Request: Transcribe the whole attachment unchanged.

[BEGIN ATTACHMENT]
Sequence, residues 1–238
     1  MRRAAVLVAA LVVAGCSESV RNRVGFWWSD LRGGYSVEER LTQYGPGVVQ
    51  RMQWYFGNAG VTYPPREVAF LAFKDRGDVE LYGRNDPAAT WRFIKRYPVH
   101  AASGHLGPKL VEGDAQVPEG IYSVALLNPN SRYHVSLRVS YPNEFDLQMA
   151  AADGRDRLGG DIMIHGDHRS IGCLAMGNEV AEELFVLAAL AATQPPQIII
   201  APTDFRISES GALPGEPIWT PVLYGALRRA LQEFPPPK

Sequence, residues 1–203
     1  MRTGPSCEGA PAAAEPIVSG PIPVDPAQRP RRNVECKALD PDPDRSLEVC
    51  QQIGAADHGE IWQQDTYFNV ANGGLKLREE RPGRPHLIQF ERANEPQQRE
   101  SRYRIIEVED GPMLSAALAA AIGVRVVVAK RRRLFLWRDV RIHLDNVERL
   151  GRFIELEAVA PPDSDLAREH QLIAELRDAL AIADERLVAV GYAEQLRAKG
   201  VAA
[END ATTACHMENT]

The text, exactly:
Sequence, residues 1–238
     1  MRRAAVLVAA LVVAGCSESV RNRVGFWWSD LRGGYSVEER LTQYGPGVVQ
    51  RMQWYFGNAG VTYPPREVAF LAFKDRGDVE LYGRNDPAAT WRFIKRYPVH
   101  AASGHLGPKL VEGDAQVPEG IYSVALLNPN SRYHVSLRVS YPNEFDLQMA
   151  AADGRDRLGG DIMIHGDHRS IGCLAMGNEV AEELFVLAAL AATQPPQIII
   201  APTDFRISES GALPGEPIWT PVLYGALRRA LQEFPPPK

Sequence, residues 1–203
     1  MRTGPSCEGA PAAAEPIVSG PIPVDPAQRP RRNVECKALD PDPDRSLEVC
    51  QQIGAADHGE IWQQDTYFNV ANGGLKLREE RPGRPHLIQF ERANEPQQRE
   101  SRYRIIEVED GPMLSAALAA AIGVRVVVAK RRRLFLWRDV RIHLDNVERL
   151  GRFIELEAVA PPDSDLAREH QLIAELRDAL AIADERLVAV GYAEQLRAKG
   201  VAA